A History of the County of Sussex: Volume 7, the Rape of Lewes. Originally published by Victoria County History, London, 1940.
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Plumpton has an area of 2,450 acres, and is the strip of country lying to the east of Streat. At the southern end of the parish the Downs rise steeply to Plumpton Plain, with a height of 665 ft. The altitude in the north of the parish is about 130 ft. The road to Lewes runs along the foot of the Downs, and another road branches from it and runs north, straight up to the north end of the parish, where it branches in four directions.
The road running north is crossed after about a mile and a half by the lane from Streat to East Chiltington. North of this is the Steeplechase Course and the railway station, on the line from Haywards Heath to Lewes. Beyond this the village of Plumpton Green straggles along the road, with All Saints chapel of ease, built in 1893, and a Congregational chapel built in 1880. At Sedgebrook in the extreme north of the parish is the County Smallpox Hospital.
Plumpton Place lies to the east of the church and the County Agricultural College. Two cottages designed by Sir Edwin Lutyens form an entrance, with Palladian porch, leading to his modern bridge over the moat. The house and rose-garden occupy a square inclosure surrounded by water, the moat to west and south and a lake to north and east. To Sir Edwin Lutyens and the late owner, Mr. Edward Hudson, (fn. 1) is due the transformation of the lake into a water-garden of great beauty. Before this, Plumpton Place had deteriorated into shabby cottage property.
The house is of mixed material, marking at least four building periods. The north wing seems the earliest, and a date-stone of 1568 with the initials I.M. (John Mascall) (fn. 2) which has been found may refer to this portion, for the west wing is apparently later, probably c. 1600. In the 18th century there was some rebuilding in brick, notably in the south-west, and extensive additions have been made under Sir Edwin Lutyens. The windows are all Georgian or modern. The north front includes some original timber framing, partly filled with Georgian brick at ground-level, and with wide plastered panels above. The gabled west front (fn. 3) is of two stories with cellars and attics. The walls are a medley of flint with red brick, restored at various times. This part was probably added c. 1600 to an older building, for the projecting central porch and the shallower flanking bays are certainly askew, also the north at least of the boldly projecting wings which complete an elaborated E-plan. The porch is gabled, with two stories and attics; its four-centred arch is of chamfered brick, without rebates. The entrance door within is original.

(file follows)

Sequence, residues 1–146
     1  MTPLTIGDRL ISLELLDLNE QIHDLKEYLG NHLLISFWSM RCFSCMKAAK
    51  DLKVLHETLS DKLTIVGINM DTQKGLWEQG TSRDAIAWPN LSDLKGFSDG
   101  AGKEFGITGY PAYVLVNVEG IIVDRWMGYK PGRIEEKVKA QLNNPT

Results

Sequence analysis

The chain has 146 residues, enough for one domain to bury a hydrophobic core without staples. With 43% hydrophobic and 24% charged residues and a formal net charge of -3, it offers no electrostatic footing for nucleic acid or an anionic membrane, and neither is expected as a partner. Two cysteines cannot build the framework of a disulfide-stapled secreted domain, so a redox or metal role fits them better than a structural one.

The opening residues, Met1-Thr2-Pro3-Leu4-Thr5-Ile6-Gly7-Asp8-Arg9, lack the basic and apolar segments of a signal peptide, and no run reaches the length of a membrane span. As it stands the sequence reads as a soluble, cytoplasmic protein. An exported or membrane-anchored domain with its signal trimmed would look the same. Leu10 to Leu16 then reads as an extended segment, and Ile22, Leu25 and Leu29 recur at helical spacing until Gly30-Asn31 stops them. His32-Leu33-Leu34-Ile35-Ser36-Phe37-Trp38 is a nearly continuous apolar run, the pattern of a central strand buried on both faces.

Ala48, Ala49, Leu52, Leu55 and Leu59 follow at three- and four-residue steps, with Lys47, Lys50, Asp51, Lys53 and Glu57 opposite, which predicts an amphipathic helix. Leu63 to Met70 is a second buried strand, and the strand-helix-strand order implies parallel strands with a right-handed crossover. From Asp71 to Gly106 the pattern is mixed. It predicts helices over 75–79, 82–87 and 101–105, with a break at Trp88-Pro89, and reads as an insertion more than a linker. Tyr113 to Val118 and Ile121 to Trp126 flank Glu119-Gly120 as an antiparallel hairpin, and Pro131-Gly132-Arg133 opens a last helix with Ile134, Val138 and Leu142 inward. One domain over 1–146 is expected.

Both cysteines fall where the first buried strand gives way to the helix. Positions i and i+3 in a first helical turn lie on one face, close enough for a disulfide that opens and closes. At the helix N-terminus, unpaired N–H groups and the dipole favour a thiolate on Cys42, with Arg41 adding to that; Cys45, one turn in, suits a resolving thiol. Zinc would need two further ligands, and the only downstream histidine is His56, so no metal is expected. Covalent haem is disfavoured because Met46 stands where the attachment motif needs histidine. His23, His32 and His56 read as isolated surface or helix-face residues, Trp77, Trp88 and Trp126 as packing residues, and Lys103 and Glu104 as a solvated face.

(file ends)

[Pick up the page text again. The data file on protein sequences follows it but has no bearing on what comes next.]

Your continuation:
The early-17th-century screen dividing the hall and entry has one opening to the hall. The opposite wall of the entry is half-timbered, and has an original opening to what was either the buttery or dining parlour. East of this is a passage to the kitchen, which has a wide lintelled fire-place in the east wall. East of the kitchen a large music-room, built by Sir Edwin Lutyens on the site of some old sheds, incorporates in its south wall an original brick fire-place. From the hall a door opens into a large room which forms the south wing, containing a stone fire-place with flat fourcentred arch. Another door opens to the staircase, which ends at attic level in a Jacobean turned newel. The room above the kitchen has typical panelling of c. 1600 with small-moulded rails, and a cornice. The fire-place has a four-centred arch with ogee- and roll-moulded stone jambs. The stair in this part has 18th-century newels and balusters. The fire-place over the hall is of similar type to the above, and has blank shields in the spandrels. Stop-chamfered ceiling beams are exposed on both floors. The brick cellars in the north part are of the late-16th or 17th century; the south cellars are chiefly of the 18th century.